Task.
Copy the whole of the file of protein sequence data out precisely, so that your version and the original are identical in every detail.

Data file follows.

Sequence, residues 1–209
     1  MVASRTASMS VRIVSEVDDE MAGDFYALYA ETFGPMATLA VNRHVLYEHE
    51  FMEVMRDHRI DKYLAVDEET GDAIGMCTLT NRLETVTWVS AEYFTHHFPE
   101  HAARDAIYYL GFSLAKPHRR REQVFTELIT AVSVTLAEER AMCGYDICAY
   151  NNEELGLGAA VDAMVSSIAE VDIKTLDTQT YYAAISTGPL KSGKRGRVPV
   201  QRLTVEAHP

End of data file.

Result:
Sequence, residues 1–209
     1  MVASRTASMS VRIVSEVDDE MAGDFYALYA ETFGPMATLA VNRHVLYEHE
    51  FMEVMRDHRI DKYLAVDEET GDAIGMCTLT NRLETVTWVS AEYFTHHFPE
   101  HAARDAIYYL GFSLAKPHRR REQVFTELIT AVSVTLAEER AMCGYDICAY
   151  NNEELGLGAA VDAMVSSIAE VDIKTLDTQT YYAAISTGPL KSGKRGRVPV
   201  QRLTVEAHP